How to make Lavender tea

Lavender tea, a soothing herbal drink, is derived from the buds of the Lavandula angustifolia plant, a species native to the Mediterranean.


Enjoyed for its calming properties and often associated with yoga practices, this aromatic tea is created from fresh or dried lavender buds.

English and French lavender, known for their purple flowers, are top choices for making lavender tea among the 40+ lavender species. The tea is naturally caffeine-free and has a delicate purple tint. Be sure to select food-grade lavender to avoid pesticides.

Beyond the realm of beverages, lavender’s versatile nature has found its place in various cosmetics and body care products, where it’s celebrated for enhancing skin health and reducing hair loss.

Flavor Profile

Lavender tea is a flavorful blend of sweet, floral, and earthy tones with subtle hints of rosemary and mint. Its complex profile may also feature undertones of smokiness or woodiness, and some variants even touch upon the fresh notes of green apple and rose, evoking similarities to green tea.

Tea Lavender

This rich combination of flavors is further enhanced by the tea’s distinctively relaxing, intense, and almost minty aroma, presenting an aesthetic as appealing to the senses as the tea’s visual color.

How to make lavender tea with lavender

Lavender tea
Lavender tea

So, how do you make lavender tea? You will need a few simple ingredients and tools to craft a homemade lavender tea.

The magic begins with two teaspoons of fresh or dried lavender flowers for tea or leaves and two cups of water.

Add elements like lemon, honey, or a dash of your favorite iced tea for a personalized twist.

When it comes to brewing, precision is key. The optimal temperature is 100°C or 212°F, and steeping the lavender for about 5 minutes unlocks its full aromatic potential.

Step-by-step instructions.

Fresh tea lavender

how to make fresh Lavender tea

  1. Gather two teaspoons of fresh lavender flowers or leaves.
  2. Boil two cups of water in a kettle.
  3. Place the fresh lavender in a tea infuser or teapot.
  4. Pour the boiling lavender water over the fresh lavender and let it steep for about 5 minutes.
  5. Strain the tea into your cup and enjoy it hot. You can add honey or lemon to taste.

Dried Lavender Tea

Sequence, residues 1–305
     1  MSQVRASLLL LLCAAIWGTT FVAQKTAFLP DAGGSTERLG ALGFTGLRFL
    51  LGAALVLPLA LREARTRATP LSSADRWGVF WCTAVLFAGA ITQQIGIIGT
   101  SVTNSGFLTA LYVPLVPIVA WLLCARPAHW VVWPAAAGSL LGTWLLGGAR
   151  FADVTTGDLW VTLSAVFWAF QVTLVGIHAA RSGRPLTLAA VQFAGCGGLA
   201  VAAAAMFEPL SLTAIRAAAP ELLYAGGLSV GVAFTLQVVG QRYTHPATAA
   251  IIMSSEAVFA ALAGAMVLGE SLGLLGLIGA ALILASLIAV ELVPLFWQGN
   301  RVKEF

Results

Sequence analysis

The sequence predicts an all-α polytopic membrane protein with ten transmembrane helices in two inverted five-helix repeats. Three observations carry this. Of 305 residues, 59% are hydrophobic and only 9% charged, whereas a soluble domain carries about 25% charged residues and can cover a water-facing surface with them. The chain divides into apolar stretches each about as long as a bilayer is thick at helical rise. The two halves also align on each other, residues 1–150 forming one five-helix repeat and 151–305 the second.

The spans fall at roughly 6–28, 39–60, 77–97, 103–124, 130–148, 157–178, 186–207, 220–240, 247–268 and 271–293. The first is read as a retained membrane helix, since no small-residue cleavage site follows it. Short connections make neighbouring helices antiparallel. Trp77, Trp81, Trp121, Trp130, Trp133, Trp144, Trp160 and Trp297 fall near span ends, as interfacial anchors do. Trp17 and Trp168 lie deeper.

1. Measure two teaspoons of dried lavender flowers or leaves.
  2. Bring two cups of water to a boil.
  3. Add the dried lavender to a tea infuser or teapot.
  4. Pour the boiling water over the dried lavender, allowing it to steep for approximately 5 minutes.
  5. Strain and serve the tea hot. Feel free to customize with additions like honey or lemon.

My tricks for Lavender Tea recipe

Creating the perfect cup of lavender tea is an art – experiment with the recipe and make it uniquely yours.

From my tea brewing journey, here are some useful tips on how to achieve the best possible cup of lavender tea:

Quality Matters: Always opt for loose lavander tea blends over tea bags. Loose lavender flowers, fresh or dried, offer a fresher flavor and generally contain higher-quality buds than pre-packaged tea bags.

Organic is the Way to Go: If you’re fortunate to have a garden for your lavender drink, go organic to prevent harmful chemicals from affecting your tea. I grow my lavender away from roads to avoid pollution.

Versatility of Lavender: Lavender tea can be brewed with black tea for a flavor boost. Add a tea sachet or 1 ½ teaspoons of loose black tea. I find that lavender pairs wonderfully with Earl Grey or chamomile tea.

Less is More: The most important tip is to stay moderate with the lavender buds. Adding more for an intense flavor is tempting, but the resulting taste can be overpoweringly strong and less pleasant to drink.

Sweeten to Taste: Whether you prefer hot or iced lavender tea, it can be enjoyed without sugar or milk. However, if you prefer a hint of sweetness, use simple syrup, which dissolves easily. You could even experiment with simple homemade syrups for a personal touch.

No Fear of Over-Steeping: Unlike other teas, such as green tea, lavender tea from leaves doesn’t turn overly bitter if brewed for 5 minutes. This is a huge relief, especially when I lose track of time!